Most US hospitals also are obligated to care for patients who have no insurance, whether or not they can pay. Unpaid fees are passed on to the other, paying and insured patients. (Universal healthcare would eliminate that cost.)
Prescription Drug Prices
In the US patients do use more prescription drugs than in years past. In 2015, prescription drugs were 12 % of US healthcare costs compared to 7 % in the 1990s. Prescription drug prices have risen, as have Big Pharma profits. Between 2006 and 2015, revenue from sales of pharmaceuticals and biotechnology increased almost 50 % from $534bn to $775bn. Most drug companies saw profit margins increase, too, by about 17 %.
Switching to generic drugs may help, but that raises other concerns: quality and safety. Indian drug manufacturers have been caught destroying documents to cover up potential issues. The US Food and Drug Administration has banned 44 facilities from sending their products to the US, but those are only the ones they’ve identified. Inspections dropped by 27 % from 2016 to 2017 due to staffing shortages.
Obstacles to Reform
If belatedly Americans embrace universal healthcare (with a mandate), negotiate with Big Pharma for cheaper drugs and cut physician and hospital fees so they are more in line with Europe, costs per individual might go down, but there may be other negative consequences.
Even if the US has been paying more for the same or inferior services than European nations such as Britain, a sudden correction could have a damaging impact on the healthcare market for 10 or 20 years. Hospitals might shut down, and patients might have to wait three or four times as long for some procedures or to see a specialist. Taxes would probably go up. And while workers who currently get insurance through their employers might see their paychecks go up without the healthcare deductions, they would probably get sticker shock at how much they would pay out of pocket.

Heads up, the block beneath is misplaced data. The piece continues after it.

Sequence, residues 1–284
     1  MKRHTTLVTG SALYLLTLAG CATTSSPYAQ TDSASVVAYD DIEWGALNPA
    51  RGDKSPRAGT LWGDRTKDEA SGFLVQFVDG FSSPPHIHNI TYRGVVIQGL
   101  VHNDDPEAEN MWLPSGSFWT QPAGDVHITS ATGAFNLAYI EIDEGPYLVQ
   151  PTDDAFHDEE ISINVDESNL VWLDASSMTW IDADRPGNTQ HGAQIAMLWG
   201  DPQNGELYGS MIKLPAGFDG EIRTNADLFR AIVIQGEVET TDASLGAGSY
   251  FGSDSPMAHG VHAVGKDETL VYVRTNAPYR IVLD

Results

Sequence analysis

If the UHC offered was less generous (and thus more affordable) than the care to which those who already have insurance are accustomed, they might revolt. And the opposition party would take political advantage as they did with Bill Clinton’s proposed healthcare reform and the glitches in ObamaCare.
Like with mass transit, which the US largely eschewed in favour of private automobiles, it may be too late for the US to easily or quickly adopt a European solution to healthcare. The current system cannot continue without some major, bipartisan, and possibly incremental reforms.